Memory Palaces: Storing an Entire Library in Your Head

Sometimes you get lucky.

One of the themes of The Geometry of Vengeance is the nature and purpose of truth. Can the truth or a truth ever be found, and why should it be pursued? Is truth an end or a means, an ideal or a weapon?

This theme is animated by characters from the thin stratum of 13th-century society who would have been not only literate but well read, meaning they have or once had access to books and manuscripts. That aspect was easy enough to conjure up, but matters get complicated when characters are on the move, hunting or being hunted, as it were. It’s one thing to have bookish thoughts or arguments while seated in a monastery’s scriptorium or a nobleman’s vast library of some two hundred volumes, but it’s quite another when you’re scrambling across the French countryside. How could these characters think and converse in book-smart ways when they don’t have the books in hand and without it sounding like I’m feeding them lines from just off stage?

Practicing the art of artificial memory

I found the solution in the classical art of memorization. Considered from a world in which the only particle of information you really need to memorize is where you put your Internet-enabled smartphone, the memory skills of early orators and scholars drop one’s jaw. From the recitation of epic poems to the speeches of Roman orators to Ovid and Boethius referencing a staggering number of texts while writing from exile (Ovid’s “Ibis”) and prison (Boethius’s The Consolation of Philosophy), their ability to store and retrieve information makes one a little less proud about memorizing a shopping list or the new brother-in-law’s name.

Frances A. Yates’s 1966 masterpiece The Art of Memory traces the development of memory-training techniques to the Greek poet Simonides (c. 556–468 BCE). (Simonides was also reputed to be, coincidentally, the first to demand payment for his poems. Hail, Simonides!) By the age of Cicero several centuries later, the concept of active, trained “artificial memory,” was a well-established element in the study of rhetoric. Various techniques were passed on and refined throughout the Middle Ages and reached their highest development in the 16th century. By then, the disruptive technology of the printing press was spelling out the inky doom of one of the most astounding accomplishments of the collective human mind.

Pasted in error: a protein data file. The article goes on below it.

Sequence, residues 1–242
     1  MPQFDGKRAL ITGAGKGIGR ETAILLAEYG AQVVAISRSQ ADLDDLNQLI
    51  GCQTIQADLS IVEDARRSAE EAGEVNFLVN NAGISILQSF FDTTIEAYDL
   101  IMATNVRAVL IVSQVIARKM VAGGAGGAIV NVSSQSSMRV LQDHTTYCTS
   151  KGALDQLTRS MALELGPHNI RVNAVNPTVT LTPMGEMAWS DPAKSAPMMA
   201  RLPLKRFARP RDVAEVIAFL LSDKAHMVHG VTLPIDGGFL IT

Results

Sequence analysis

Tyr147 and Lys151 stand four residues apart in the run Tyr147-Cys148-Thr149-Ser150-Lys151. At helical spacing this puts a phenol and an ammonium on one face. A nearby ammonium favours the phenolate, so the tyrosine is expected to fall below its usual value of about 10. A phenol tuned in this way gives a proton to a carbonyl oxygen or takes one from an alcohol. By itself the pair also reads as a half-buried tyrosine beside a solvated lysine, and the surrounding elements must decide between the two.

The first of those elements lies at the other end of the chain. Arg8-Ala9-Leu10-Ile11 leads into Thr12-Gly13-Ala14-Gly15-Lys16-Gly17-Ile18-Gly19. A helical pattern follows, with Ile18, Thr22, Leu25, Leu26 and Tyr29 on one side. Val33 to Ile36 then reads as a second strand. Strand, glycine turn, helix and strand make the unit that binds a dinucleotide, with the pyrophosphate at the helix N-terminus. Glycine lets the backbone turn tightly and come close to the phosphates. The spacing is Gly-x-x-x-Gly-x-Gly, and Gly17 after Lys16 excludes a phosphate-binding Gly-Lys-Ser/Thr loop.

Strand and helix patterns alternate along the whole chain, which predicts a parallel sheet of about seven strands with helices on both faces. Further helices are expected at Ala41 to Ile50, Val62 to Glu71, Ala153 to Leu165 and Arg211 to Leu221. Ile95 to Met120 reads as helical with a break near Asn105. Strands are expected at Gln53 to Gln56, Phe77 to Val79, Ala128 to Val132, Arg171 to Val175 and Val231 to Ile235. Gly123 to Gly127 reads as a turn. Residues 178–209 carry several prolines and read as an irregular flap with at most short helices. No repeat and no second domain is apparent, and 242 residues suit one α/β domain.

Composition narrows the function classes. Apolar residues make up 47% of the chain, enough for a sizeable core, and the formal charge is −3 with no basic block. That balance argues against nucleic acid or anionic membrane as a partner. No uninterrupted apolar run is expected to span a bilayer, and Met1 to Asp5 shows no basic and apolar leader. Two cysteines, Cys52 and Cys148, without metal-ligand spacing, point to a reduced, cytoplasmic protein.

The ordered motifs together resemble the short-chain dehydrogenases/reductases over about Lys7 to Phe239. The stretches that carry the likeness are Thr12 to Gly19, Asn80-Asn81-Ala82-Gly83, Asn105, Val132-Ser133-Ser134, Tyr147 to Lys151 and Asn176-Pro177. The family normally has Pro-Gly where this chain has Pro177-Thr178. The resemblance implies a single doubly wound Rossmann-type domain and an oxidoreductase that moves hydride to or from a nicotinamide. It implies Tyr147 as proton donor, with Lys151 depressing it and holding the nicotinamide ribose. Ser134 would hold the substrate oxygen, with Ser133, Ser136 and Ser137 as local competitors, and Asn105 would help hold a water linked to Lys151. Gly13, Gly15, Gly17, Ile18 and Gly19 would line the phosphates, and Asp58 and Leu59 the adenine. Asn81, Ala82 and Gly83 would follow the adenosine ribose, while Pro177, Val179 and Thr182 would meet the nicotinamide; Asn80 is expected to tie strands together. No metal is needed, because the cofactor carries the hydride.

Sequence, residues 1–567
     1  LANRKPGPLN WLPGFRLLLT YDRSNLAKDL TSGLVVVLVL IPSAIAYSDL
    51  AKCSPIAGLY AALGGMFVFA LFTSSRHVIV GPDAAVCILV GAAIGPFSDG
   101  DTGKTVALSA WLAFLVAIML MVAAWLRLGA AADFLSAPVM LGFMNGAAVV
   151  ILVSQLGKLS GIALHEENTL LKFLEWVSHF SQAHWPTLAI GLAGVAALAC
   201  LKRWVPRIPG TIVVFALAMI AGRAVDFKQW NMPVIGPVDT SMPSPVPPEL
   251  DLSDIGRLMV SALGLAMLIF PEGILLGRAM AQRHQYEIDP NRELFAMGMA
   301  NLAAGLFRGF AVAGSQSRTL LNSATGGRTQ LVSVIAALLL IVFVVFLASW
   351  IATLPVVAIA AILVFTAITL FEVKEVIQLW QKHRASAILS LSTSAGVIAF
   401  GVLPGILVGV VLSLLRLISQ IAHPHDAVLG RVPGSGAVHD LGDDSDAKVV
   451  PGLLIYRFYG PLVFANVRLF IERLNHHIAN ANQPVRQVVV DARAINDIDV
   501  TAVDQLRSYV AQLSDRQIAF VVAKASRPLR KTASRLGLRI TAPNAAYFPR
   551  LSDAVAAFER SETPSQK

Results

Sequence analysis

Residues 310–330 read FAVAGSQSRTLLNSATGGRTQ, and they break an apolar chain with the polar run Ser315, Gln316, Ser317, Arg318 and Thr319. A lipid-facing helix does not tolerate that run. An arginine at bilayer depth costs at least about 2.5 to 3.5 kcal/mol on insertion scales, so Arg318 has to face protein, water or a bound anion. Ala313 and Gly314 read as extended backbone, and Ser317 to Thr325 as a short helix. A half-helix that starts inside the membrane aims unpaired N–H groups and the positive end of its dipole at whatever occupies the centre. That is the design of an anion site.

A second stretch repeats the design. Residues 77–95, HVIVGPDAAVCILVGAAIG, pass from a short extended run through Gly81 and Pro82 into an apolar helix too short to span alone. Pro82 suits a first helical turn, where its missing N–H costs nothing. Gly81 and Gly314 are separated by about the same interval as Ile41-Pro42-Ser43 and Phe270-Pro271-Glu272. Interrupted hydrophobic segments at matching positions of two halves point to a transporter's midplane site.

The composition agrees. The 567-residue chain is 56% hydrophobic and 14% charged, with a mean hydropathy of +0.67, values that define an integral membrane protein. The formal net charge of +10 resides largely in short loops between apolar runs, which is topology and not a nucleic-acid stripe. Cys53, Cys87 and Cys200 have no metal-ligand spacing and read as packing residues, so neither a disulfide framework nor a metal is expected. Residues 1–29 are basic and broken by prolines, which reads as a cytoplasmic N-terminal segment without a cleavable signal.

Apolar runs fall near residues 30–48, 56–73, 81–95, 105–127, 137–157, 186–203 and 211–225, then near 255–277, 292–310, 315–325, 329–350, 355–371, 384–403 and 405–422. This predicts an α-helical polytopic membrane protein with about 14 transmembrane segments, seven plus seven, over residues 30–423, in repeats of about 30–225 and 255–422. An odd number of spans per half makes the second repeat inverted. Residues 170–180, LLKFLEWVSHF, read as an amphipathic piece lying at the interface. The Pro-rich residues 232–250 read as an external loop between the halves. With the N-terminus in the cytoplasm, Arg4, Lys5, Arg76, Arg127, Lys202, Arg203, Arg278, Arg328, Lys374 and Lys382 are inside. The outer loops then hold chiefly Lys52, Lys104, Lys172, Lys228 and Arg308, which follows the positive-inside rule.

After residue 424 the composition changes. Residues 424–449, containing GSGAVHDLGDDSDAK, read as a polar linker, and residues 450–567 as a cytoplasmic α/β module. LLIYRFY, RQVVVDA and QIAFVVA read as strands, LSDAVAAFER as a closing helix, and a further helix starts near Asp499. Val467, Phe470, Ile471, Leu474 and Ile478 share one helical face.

Today, what was once a vital skill for the literate classes is carried on mostly as a competitive sport.

Getting things to stick

The guidelines for using the classical methods were rather complicated, but put simply, most relied on the use of mental models of real or imaginary structures to organize and store information and a sort of visual “inner writing” to imprint each new piece in a specific location within the structure. For example, you can use your own home as the structure, storing information as you walk through it (in your mind or in reality), cataloging information about literature in one room, science in another, and so on. Within the literature room, you might designate one window to store information about Victorian literature, and each pane of the window could hold information about a specific author. To memorize something related to Oliver Twist, you “write it” on the Dickens pane. Later, when you need to recall the information, you walk through your mental house to the literature room, face the Victorian window, and read back from the Dickens pane.

To imprint the information, you need something visually “stickier” than a blank sheet of glass, however, and this is where the really entertaining part of artificial memory comes in. You want to affix the information to an image that you will easily remember so that when you need to recall the information, you can rely on the image to find and retrieve it.

But don’t paint just any old image on your Dickens pane, because some types of images are much better than others. Yates quotes from the Ad Herennium, a Roman textbook written in the first century BCE and widely used well into the Middle Ages, which explains that we are likely to forget things that are “petty, ordinary, and banal.” However, things that are “exceptionally base, dishonorable, unusual, great, unbelievable, or ridiculous” are much more likely to stick. In other words, the more bizarre, disgusting, or obscene the imagery, the better.

Of course, keeping all this information in memory requires enormous amounts of practice. To keep the information secure, you must walk through your mental house over and over and over again, reaffixing each bit of information in its designated place.

Living in a memory palace

Many of the mental structures that ancient and medieval memorizers used were palaces or theaters, both real and imaged. Others were more abstract but still rigorously organized. One of the most celebrated in antiquity, that of Metrodorus of Scepsis, divided the 12 signs of the zodiac into 360 individual places.

If you’d like to learn more about this fascinating art, Yates’s scholarly work describes the major systems that developed over the course of two millennia and puts them in the context of the European intellectual tradition, right up to the beginnings of the scientific revolution. I explored only a few portions of the book, but if the whole is as satisfying as those parts, it would be a rewarding journey for anyone interested in this subject.

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